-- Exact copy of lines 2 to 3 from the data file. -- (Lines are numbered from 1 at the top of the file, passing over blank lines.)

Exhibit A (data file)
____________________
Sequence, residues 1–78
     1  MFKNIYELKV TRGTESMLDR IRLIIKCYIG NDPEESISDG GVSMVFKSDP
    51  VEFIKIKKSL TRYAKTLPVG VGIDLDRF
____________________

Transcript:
     1  MFKNIYELKV TRGTESMLDR IRLIIKCYIG NDPEESISDG GVSMVFKSDP
    51  VEFIKIKKSL TRYAKTLPVG VGIDLDRF